Along with most other Japanese manufacturers, Subaru is known for making reliable cars. But Subaru Crosstrek is an ill-famed child in its family. Subaru Crosstrek problems are a widely discussed topic on the internet.
But how does an otherwise dependable manufacturer create a car like the Crosstrek that is riddled with problems? Let us find out if the Subaru Crosstrek problems are real or just another internet fad.
- History of Crosstrek
- Crosstrek, an anomaly
- Major Subaru Crosstrek Problems
- The positive side
- Should you buy it?
Subaru Crosstrek history
Subaru Crosstrek was launched at a time when crossovers and SUVs had strengthened their assault on the industry. In 2012, Subaru had a dismal crossover lineup. Subaru did try their luck with some products but could not cook up a fruitful recipe. The smallest of them was the Outback Sport, which was just a raised version of the Impreza hatchback. There were the larger Subaru Forester and Outback, but they were more like people carriers than crossovers. This left Subaru in a rut, with effectively no SUVs or Crossovers in the lineup when the entire market was asking for one.
Enter the Subaru Crosstrek. Subaru’s desperate attempt to create a crossover to cash on started with the Crosstrek. The Crosstrek replaced the Outback Sport from the lineup. But nothing changed much. Just like the Outback Sport, the Crosstrek was also a raised Impreza hatchback. The Crosstrek was based on the fourth-generation Impreza hatchback and looked exactly like it. Credit where it is due, they did put a bit more effort into it to make it look distinct. But this could not do much for the Crosstrek.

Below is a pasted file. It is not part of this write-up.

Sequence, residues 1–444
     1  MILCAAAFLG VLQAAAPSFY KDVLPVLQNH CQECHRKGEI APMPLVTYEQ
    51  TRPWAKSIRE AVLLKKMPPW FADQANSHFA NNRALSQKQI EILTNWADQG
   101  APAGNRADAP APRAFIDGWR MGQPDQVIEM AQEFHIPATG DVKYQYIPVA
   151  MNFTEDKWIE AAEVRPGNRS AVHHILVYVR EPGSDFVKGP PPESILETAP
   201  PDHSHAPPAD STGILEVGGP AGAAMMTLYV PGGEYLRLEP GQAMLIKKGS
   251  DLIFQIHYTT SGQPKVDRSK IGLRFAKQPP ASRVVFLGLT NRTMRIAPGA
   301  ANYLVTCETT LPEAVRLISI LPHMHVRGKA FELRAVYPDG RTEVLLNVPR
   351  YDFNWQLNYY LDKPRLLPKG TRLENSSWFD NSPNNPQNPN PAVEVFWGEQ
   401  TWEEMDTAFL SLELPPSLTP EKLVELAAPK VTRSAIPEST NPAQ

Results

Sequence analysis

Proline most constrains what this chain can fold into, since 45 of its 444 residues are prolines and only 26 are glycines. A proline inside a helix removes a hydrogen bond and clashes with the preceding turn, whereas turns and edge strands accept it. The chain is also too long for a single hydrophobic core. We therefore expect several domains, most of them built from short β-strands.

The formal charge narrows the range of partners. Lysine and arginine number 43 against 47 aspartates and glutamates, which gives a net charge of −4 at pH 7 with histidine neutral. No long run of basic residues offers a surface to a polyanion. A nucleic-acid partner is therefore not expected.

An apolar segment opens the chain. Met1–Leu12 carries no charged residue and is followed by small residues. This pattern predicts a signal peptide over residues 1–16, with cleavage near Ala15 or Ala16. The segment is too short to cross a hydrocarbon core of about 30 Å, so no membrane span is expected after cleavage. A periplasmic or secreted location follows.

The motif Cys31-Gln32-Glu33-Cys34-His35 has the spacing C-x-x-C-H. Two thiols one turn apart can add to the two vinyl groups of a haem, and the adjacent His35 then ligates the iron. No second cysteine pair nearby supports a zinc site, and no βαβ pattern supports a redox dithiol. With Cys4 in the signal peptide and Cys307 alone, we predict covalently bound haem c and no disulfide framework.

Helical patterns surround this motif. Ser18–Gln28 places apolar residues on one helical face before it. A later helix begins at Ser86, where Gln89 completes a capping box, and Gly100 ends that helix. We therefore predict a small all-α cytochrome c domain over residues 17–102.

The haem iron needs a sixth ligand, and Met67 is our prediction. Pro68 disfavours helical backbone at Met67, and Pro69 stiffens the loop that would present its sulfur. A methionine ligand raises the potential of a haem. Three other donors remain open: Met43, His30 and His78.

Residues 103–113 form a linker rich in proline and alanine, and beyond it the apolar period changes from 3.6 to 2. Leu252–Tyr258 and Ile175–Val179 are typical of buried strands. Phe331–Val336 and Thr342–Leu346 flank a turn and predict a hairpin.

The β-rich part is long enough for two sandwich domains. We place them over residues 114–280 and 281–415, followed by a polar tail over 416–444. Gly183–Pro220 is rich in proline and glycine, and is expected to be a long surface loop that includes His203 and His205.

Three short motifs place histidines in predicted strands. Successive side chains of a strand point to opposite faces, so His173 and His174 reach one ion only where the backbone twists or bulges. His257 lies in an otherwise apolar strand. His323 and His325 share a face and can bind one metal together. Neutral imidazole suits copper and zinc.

Concept to Reveal
Subaru showcased the concept form of the Crosstrek to the world for the first time in 2011. This first appearance happened at the 2011 Auto Shanghai and at this point, it was named the Subaru XV concept. It had a 2.0-liter four-cylinder DOHC boxer engine hooked up to a CVT.
The Subaru XV Concept did not have to wait a lot to morph into a production form. At the 2011 Frankfurt Motor Show, the production version was showcased as the Subaru XV. It retained this name when it went on to sell in its home market, Japan, in late 2012.
At the 2012 New York Motor International Auto Show, Subaru Crosstrek entered the US market with the new name. It shared its internals with its twin, the Impreza. The 2.0-liter four-cylinder boxer engine churned out 148 hp, and the CVT channeled it to all four wheels through Subaru’s Symmetrical all-wheel-drive system. This, in no way, was impressive. Even for a market looking for a frugal no-nonsense crossover, the Crosstrek seemed underpowered.
Subaru Crosstrek Hybrid
In 2014, Subaru Crosstrek Hybrid was launched, catering to the needs of a market that was growing increasingly eco-conscious. This was the brand’s first production hybrid car. It was not an impressive hybrid technology but was good enough for the first shot at it. The Crosstrek Hybrid added an electric motor good enough for 13 hp and 48 lb. ft to the powertrain. The same story repeats here too. Nothing impressive, just enough for the job.
Second Generation Crosstrek
This is where things got heated up at a crossover level. The new Subaru Crosstrek came in 2017, adopted the brand’s new Subaru Global Platform, along with the Impreza. But this was where the Crosstrek received its visual bulk that it deserved as a crossover in the first place.
The design of the second-generation Subaru Crosstrek was more rugged than ever. Even though it still took after the new Impreza hatchback, it had its own identity. The vehicle was raised, and the black cladding was made more pronounced.